In it's simplest form, the UK tax law says that income tax is chargeable -

    - on the worldwide income of anyone who is UK tax resident

    - on the UK income of any non residents

So it is essential to determine your tax residence status, remembering that each tax year is taken separately. You may be UK tax resident for one year because of an extended visit but non resident for the tax year either side.

There are separate rules for capital gains and for inheritance tax. If you have a liability to UK tax you must complete a Self Assessment tax return.

What income is taxable in the UK?

It is possible to be tax resident in two countries at the same time. It is also possible to not be tax resident anywhere, although this is less common. When you are tax resident in two countries a measure of relief is usually available against double taxation.

The UK has negotiated Double Taxation Treaties with a large number of countries and these are being updated all the time. Each treaty is different so if you believe you are taxed in the UK and elsewhere, contact us for more info and we can advise you of the relief available.

The tax year in the UK runs from April 6th to April 5th.

Of all those falling within the UK tax net, expatriates probably have the greatest reason to plan their tax affairs carefully.

When your tax affairs straddle two countries, things can get rather complicated so it is important to plan your affairs in advance, where possible. In certain circumstances, becoming non resident may allow the sale of assets without a charge to capital gains tax, although this is only available to longer term expats.

Tax planning may involve the timing of your departure from, or arrival in the UK, timing of sale of assets or the use of dual contracts for employment. Contact us for more info if you would like advice on the issues affecting you.

UK tax law treats husband and wife as separate individuals so each will have their situation assessed and will be taxed accordingly. Unlike the USA, the UK has no joint filing of tax returns for husband and wife.

You cannot claim personal allowances if you claim the remittance basis as a non domicile. Otherwise, you can claim UK personal allowances if you are -

  1. a British or Commonwealth citizen

  2. an EC citizen

  3. an employee, or former employee, of the British Crown

  4. a UK missionary employee

  5. a civil servant of a territory under the protection of the British Crown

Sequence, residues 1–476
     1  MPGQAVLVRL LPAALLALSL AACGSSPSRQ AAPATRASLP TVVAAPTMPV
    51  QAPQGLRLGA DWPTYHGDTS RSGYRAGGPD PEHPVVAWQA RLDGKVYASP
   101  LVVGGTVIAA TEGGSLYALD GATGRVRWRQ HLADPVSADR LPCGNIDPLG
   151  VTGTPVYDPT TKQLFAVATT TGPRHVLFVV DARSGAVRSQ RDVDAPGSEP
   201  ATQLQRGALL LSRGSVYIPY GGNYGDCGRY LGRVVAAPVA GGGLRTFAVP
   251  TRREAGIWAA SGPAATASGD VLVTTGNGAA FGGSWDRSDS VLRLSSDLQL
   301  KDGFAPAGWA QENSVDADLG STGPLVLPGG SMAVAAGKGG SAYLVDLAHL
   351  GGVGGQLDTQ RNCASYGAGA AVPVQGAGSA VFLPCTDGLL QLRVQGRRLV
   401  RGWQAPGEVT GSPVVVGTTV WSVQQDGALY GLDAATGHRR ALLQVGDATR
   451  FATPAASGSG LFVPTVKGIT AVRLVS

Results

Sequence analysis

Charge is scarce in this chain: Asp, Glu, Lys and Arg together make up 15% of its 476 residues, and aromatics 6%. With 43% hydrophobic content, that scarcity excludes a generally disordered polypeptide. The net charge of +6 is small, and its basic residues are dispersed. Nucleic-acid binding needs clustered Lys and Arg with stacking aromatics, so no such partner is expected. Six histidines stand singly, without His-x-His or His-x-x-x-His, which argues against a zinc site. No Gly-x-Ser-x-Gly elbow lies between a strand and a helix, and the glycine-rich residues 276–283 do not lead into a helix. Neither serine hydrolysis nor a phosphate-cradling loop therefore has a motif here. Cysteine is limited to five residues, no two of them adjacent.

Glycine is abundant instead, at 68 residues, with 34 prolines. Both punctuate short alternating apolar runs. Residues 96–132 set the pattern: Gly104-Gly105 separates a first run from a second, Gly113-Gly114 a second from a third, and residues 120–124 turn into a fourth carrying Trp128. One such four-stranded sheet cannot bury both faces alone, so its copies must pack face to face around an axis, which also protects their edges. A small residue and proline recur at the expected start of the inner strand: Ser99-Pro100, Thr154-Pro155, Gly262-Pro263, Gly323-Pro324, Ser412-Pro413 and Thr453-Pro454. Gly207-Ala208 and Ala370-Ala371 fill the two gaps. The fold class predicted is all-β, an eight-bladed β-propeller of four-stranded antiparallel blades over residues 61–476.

6. a resident of the Isle of Man or the Channel Islands If

  7. a national or resident of a country with which the UK has a Double Taxation Treaty which allows such a claim

Normally, a tax year is taken as a whole when determining your tax residence status. However, a year of arrival or departure can be split into periods of residence and non-residence in certain circumstances. See the new rules which apply from April 2013, here.

Before you leave or return to the UK it could be important to consider the tax planning available to you.


The UK has an extensive network of treaties with other countries. Treaties differ from country to country but the basic idea is to ensure that the same income is not taxed twice.

An example of this might be a resident of “Country A” who has UK rental income. She would most likely be taxable in Country A on worldwide income but also taxable in the UK on the rental income as it is a UK source income. The UK / Country A treaty would ensure the income isn’t taxed in both countries.

The treaties will eliminate double taxation either by exempting the income in one of the countries or, if the income remains taxable in both countries, by allowing a credit for the tax paid in the other country.

The requirement to claim treaty relief will depend on personal circumstances and in the UK the claim is made as part of the self assessment tax return. If you believe you need to make a claim, Contact us for advice.

If you are UK tax resident - yes.

UK tax law says that if you are UK tax resident then you are taxable in the UK on your worldwide income and gains. So your worldwide income - including all income arising outside the UK - must be disclosed on your UK tax return.

This does not mean it will necessarily all be taxable in the UK as you may be able to claim treaty relief if the income has already been taxed elsewhere.

If you are not UK domiciled then some non-UK income can be excluded from UK tax if you have left it outside the UK - but you will have to make a formal claim for exemption as part of your tax return.

If you are not UK tax resident then interest arising outside the UK will be outside the scope of UK tax and does not need to be disclosed.

If you are not UK domiciled you can consider a claim for the remittance basis of taxation to apply. The claim has to be made on a year-by-year basis and where a claim is made, the individual loses his personal allowance and annual capital gains tax exemption for the tax year of claim.

The remittance basis allows you to exclude from UK tax any income arising outside the UK and which has not been brought (“remitted”) to the UK. An automatic claim for the remittance basis applies where the aggregate unremitted foreign income and gains for a tax year are less than £2,000.

Where an individual makes a claim for the remittance basis and has been resident in the UK for at least seven out of the nine previous tax years, they must pay a tax charge of at least £30,000 - the Remittance Basis Charge - for the remittance basis to apply.

If you are claiming the remittance basis as a non-domiciled individual - or you are not ordinarily resident before April 6, 2013 - you need to calculate what income or gains have been remitted to the UK.

The rules regarding what is treated as a remittance of income are complex. HM Revenue & Customs have published extensive guidance at

Expat FAQs

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"Travel is glamourous only in retrospect"

Paul Theroux